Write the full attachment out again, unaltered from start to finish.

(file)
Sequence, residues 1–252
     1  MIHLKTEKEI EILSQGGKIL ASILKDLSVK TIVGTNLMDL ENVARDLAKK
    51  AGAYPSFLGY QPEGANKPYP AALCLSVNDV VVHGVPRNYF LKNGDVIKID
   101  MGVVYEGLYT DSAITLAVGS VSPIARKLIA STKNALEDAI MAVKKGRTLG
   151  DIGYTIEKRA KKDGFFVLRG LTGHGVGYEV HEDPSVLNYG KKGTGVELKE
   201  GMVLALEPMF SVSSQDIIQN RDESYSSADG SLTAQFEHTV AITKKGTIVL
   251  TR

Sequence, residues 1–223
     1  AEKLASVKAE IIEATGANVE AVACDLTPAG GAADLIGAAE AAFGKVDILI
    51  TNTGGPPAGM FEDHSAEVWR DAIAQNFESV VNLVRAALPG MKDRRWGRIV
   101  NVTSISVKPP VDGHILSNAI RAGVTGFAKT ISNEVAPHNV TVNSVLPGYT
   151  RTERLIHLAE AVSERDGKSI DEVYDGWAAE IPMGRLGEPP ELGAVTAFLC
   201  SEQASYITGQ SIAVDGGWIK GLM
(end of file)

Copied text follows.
Sequence, residues 1–252
     1  MIHLKTEKEI EILSQGGKIL ASILKDLSVK TIVGTNLMDL ENVARDLAKK
    51  AGAYPSFLGY QPEGANKPYP AALCLSVNDV VVHGVPRNYF LKNGDVIKID
   101  MGVVYEGLYT DSAITLAVGS VSPIARKLIA STKNALEDAI MAVKKGRTLG
   151  DIGYTIEKRA KKDGFFVLRG LTGHGVGYEV HEDPSVLNYG KKGTGVELKE
   201  GMVLALEPMF SVSSQDIIQN RDESYSSADG SLTAQFEHTV AITKKGTIVL
   251  TR

Sequence, residues 1–223
     1  AEKLASVKAE IIEATGANVE AVACDLTPAG GAADLIGAAE AAFGKVDILI
    51  TNTGGPPAGM FEDHSAEVWR DAIAQNFESV VNLVRAALPG MKDRRWGRIV
   101  NVTSISVKPP VDGHILSNAI RAGVTGFAKT ISNEVAPHNV TVNSVLPGYT
   151  RTERLIHLAE AVSERDGKSI DEVYDGWAAE IPMGRLGEPP ELGAVTAFLC
   201  SEQASYITGQ SIAVDGGWIK GLM